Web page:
Well, the simple can at least aspire to be more intellectual and work to that end. As a simple man myself that is what I have always tried to practice and it is what I’ve tried to teach my simple children to practice.




I don’t aspire to be more intellectual, but rather less. I aspire to have the Lord impart Godly wisdom which is easily entreated. Knowledge and intellectualism are dangerously seductive, and lead many astray, “Ever learning, and never able to come to the knowledge of the truth.”

My Lord and Master was criticized for not being learned and yet exemplified Love, Truth and Wisdom such that no “learned” man could answer anything. My pursuit is the Love of Truth, and Jesus said that He is the Truth. So if I pick up knowledge and understanding along the way to the knowledge of the Truth, so be it, but they will never be the things I seek after nor love.


* The god you make is the god you must defend;
* the God that made you needs no defense.


Let’s see… we agree that each of us consider ourselves simple men.

We each agree that we need to pursue truth.

Now, mind telling me how we simple men pursue truth apart from the intellect? Does truth come in through our pores? Does the Holy Spirit give us knowledge, understanding, and wisdom apart from the faculty of the mind that God created to absorb those things? Does the Holy Spirit just kind of pour knowledge, understanding, and wisdom in us the way I pour gravy over my mashed potatoes?

The Holy Scriptures teach, ‘above all, get understanding.’ Now I freely concede that is not the exact same thing as ‘be intellectual’ but one can not get understanding, or gain wisdom apart from the intellect. Also, I fully agree that intellectual men can be worthless pagans but it is not their intelligence, nor the amount of what they know that render them pagan but rather because they seek to keep their knowledge in defiance of the God of the Bible and His Christ. This is where their intelligence really reveals its ignorance since nothing can be truly known without presupposing the God of the Bible.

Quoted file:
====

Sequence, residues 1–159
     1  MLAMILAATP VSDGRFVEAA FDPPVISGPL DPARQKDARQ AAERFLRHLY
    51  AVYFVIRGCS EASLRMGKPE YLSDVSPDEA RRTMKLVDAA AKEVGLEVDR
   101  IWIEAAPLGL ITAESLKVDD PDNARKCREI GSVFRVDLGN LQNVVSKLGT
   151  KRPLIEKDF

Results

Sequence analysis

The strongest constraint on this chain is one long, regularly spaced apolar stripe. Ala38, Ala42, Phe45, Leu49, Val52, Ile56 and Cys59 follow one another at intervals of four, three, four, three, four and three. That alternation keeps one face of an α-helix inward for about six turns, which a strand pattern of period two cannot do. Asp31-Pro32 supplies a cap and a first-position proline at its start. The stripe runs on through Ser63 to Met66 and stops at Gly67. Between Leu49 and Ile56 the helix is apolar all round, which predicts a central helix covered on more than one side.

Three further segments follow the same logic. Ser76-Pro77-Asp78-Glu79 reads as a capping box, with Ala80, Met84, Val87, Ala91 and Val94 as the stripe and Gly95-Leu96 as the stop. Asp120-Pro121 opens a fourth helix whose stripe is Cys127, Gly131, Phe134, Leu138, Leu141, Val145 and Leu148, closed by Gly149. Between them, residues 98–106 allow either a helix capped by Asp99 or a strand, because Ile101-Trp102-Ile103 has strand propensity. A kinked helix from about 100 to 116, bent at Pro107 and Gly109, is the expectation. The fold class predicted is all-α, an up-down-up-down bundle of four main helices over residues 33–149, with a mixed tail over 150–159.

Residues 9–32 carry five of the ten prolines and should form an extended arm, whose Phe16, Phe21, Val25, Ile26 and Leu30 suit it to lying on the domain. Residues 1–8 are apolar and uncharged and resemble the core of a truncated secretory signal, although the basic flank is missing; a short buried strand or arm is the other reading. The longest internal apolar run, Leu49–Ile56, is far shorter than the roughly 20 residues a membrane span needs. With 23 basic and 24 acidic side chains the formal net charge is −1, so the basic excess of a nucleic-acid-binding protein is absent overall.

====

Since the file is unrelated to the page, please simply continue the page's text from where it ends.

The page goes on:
Also, Pete, you might want to be careful about drawing to many parallels between you and ‘your master.’ He had the advantage of being Divine. You don’t.

Scripture teaches we are to ‘be transformed according to the renewing of our minds.’ We are to have ‘this mind in us which was also in Christ Jesus.’ We are to ‘take every thought captive to make it obedient to Christ.’ That is every thought Pete, not excluding the intellectual thoughts. We are to Love God with all our MIND.

Frankly you are inhibiting your sanctification by seeking to place a false dichotomy between love of Jesus and love of knowledge. Jesus is King over all knowledge. If and when I learn anything it is because it comes from Him and it is His knowledge because He is Lord over it. It is precisely because of my Love for Jesus and my conviction that He is Lord over all knowledge that I seek to KNOW Him and make him known.

Quit with your pursuit of experience and come to know Jesus and love God with all your mind. God gives no extra brownie points of holiness to anyone for purposely being stupid just as he gives no extra brownie points for holiness to anyone for thinking that God will love them more if they are smarter.

Pete, the church is in desperate need for people who will once again love God with all their minds. That doesn’t mean that everyone needs to be a Rocket scientist but it does mean that from the pew to the pulpit all must seek to know what they believe and why they believe it and what they don’t believe and why they don’t believe it, as it applies to every area of life that they traverse. The church needs, perhaps more then any other time, intellects that approach the intellect of the Apostle Paul. Instead to many of our churches play to the lowest common denominator of base experience and reasonless emotion.

Finally, I fully agree that the intellect can become an idol. Perhaps this is what you mean by ‘intellectualism.’ Do you fully admit that the emotions or experience can become an idol so we end up with ‘experientialism’?

Well, I’m sure I’ve just confirmed, in your mind, my alleged arrogance. So be it. I am content to be considered a fool because I insist that people should be smart for Jesus.

I pray God that neither of us will fall to idols.